22 PM NETWORK NOVEMBER 2014 WWW.PMI.ORG
Deborah (Debi) A. Dell, PMP, is the manager of the
Project Management Center of Excellence at IBM,
a PMI Global Executive Council member. She works
from her home in Delray Beach, Florida, USA.
ing and sharing of information in a professional
manner through the tools of choice. Such actions
by the project manager demonstrate and encourage an open environment for documenting lessons learned that may lead to process changes or
improved team communications, both of which
have demonstrable value.
DON’T LET ANYONE SLIDE
Collaboration tools and social media can pose a
challenge in a world of virtual, global teams that
cross time zones and cultures. Yet one of the biggest mistakes that can be made is not involving
all team members and capturing their insights at
all phases of the project. Regardless of their role
or their time zone, all team members must be
involved and recognized for their contributions to
If a virtual team member isn’t able to participate
during a real-time collaboration on lessons learned,
consider posting the discussion instead. A thread
to which all team members can add examples, cite
solutions and document mitigation strategies may
take more time to build when working across time
zones, but the final result will be complete.
Just as important, team members will feel the
importance placed on lessons learned and knowledge
sharing. They’ll also feel that their role in the process
isn’t diminished simply by dint of their availability.
DO NOTE LESSONS LEARNED ABOUT
The project manager who is committed to continually seeking team feedback and soliciting lessons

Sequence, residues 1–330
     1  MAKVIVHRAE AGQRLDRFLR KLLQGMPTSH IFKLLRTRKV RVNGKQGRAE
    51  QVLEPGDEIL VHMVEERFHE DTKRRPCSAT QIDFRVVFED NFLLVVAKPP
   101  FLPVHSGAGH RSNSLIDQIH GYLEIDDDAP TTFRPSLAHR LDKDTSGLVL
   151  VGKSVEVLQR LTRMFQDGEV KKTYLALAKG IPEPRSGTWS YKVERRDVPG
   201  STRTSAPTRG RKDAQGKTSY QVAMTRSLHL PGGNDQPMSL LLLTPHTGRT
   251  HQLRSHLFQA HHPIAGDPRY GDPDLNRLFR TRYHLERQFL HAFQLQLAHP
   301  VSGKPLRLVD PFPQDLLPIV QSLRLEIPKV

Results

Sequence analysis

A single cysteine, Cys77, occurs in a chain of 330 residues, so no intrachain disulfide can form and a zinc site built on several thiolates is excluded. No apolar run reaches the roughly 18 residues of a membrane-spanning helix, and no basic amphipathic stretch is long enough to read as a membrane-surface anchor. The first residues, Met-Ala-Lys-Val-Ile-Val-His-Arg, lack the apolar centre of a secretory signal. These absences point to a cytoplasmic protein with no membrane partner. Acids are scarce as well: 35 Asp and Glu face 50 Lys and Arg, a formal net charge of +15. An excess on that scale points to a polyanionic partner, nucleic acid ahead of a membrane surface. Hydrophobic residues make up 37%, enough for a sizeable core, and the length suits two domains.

learned can not only make adjustments throughout the project but can also document insights
that may apply to projects in all areas and phases
of project management. Even the process of
knowledge sharing and capturing insights should
be subject to analysis and refinement. At the close
of the project, take time to note what worked well
with the team and what changes might be made to
the lessons learned strategies on the next project
you helm. PM
Continued from previous page SPEAK UP
Communication is paramount—
here’s how to do it well.
BY RICARDO VIANA VARGAS
Ihave always believed that effective communication is at the heart of good project management. The messages one communicates, and the way one communicates them, are vital to establishing a strong reputation for leadership. What is project communication? It’s the specific behaviors and methods used to lead, delegate and advise stakeholders engaged on the project. For communication to be successful, information has to
flow in the right direction.
Communication affects performance. For every US$1 billion spent
on a project, US$109 million is wasted due to poor project performance, according PMI’s Pulse of the Profession®: The High Cost of Low
Performance. And 56 percent of that is primarily due to ineffective
communications, according to PMI’s Pulse of the Profession In-Depth
Report: The Essential Role of Communications.
This means that communication and project progress go hand in
hand: If you want high-performance teamwork, effective communication is a must.
Poor communication is symptomatic of a project manager’s inability to effectively lead the project. The successful project managers I
have known typically were able to communicate the issues, listen to
(and act on) feedback, and foster collaboration among team members.
So how do you do it? Here are a few questions to consider.
WHO’S YOUR AUDIENCE?
It’s hard to know what to say if you don’t know whom you’re talking to.
The first step for project managers is to identify their intended audience.
Team members, for instance, want to know the direct impact a project
has on them, whether you considered their specific role when conceiving
the process and if you valued their input when deciding to make changes.
For instance, for the management of the humanitarian and development work we do at the U.N. Office for Project Services, our team
was considering revising rollout strategies for one of the most critical
project management tools. Colleagues across various offices in the
developing world were consulted to assess how the project was being
managed and whether they had any concerns about rollouts in the
past. As it turned out, there was concern about how projects were
being managed due to a lack of communication between headquarters and regional offices.